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NY Times abandons TimesSelect

A few years ago I moved into a new apartment building and quickly learned about the kindness of strangers—one of my new neighbors was snagging my newspaper about once a week. After a few unsuccessful attempts to solve the problem and/or embarrass the thief, I gave up and canceled my subscription. I decided that it was easier and cheaper to read the New York Times online.

So when in 2005 the Times introduced its TimesSelect feature, which cost about $50 a year for non-subscribers, I was bummed. Certain articles, including op-ed columns by Maureen Dowd, Thomas Friedman, and others, were deemed “Select.” Translation: pay to read the juicy stuff. I missed reading the good editorials, but I never seriously considered paying for TimesSelect. And while 227,000 online-only paying customers apparently didn’t mind, the TimesSelect experiment is officially over as of midnight tonight. Score one for the democratization of the Web.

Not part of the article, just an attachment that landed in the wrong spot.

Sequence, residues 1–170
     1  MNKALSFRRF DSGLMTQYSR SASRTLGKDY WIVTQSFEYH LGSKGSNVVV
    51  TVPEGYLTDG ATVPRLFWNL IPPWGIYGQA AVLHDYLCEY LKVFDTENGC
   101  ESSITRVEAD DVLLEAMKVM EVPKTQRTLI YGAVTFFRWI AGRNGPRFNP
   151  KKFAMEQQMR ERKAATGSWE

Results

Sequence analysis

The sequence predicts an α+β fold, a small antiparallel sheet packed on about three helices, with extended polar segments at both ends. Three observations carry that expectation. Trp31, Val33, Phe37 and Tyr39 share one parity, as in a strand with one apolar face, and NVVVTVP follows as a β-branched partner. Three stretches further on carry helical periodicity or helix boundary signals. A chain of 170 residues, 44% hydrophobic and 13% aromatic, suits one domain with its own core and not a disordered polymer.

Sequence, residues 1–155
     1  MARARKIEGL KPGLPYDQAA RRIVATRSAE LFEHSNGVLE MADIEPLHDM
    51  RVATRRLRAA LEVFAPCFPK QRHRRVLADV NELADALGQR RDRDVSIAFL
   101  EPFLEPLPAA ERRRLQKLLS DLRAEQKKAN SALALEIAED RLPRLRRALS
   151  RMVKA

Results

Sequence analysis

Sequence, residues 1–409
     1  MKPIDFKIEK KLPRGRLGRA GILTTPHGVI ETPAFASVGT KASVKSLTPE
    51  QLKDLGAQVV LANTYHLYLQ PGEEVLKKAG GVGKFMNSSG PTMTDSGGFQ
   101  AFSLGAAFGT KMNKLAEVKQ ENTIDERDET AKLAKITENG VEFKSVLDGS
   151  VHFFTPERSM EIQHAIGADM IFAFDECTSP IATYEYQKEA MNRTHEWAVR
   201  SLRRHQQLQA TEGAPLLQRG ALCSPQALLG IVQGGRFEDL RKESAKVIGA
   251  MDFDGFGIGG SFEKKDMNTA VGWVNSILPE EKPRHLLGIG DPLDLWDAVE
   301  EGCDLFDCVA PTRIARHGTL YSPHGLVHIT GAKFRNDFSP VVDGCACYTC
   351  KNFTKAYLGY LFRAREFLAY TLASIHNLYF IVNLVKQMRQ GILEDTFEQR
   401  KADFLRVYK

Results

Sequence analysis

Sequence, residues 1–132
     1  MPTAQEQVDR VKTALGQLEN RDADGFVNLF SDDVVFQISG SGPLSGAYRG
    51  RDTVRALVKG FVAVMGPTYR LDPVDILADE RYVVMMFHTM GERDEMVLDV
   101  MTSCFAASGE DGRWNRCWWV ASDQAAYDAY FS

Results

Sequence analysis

According to the Times, the online landscape has changed (it took them two years to figure this out?). “Readers increasingly find news through search, as well as through social networks, blogs and other online sources,” says the Times in a letter to readers. “In light of this shift, we believe offering unfettered access to New York Times reporting and analysis best serves the interest of our readers, our brand and the long-term vitality of our journalism. We encourage everyone to read our news and opinion—as well as share it, link to it and comment on it.”

Also worth mentioning: Online advertising is on the rise, so the paper has found other ways to cash in on the Web.

But whatever the reasons, I’m a big supporter of the shift to openness and greater accessibility for all on the Web. Here’s hoping the Wall Street Journal soon follows suit. —Julie Jares, managing editor

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September 18, 2007 - Posted by | Content Strategy, Julie Jares, Web Content

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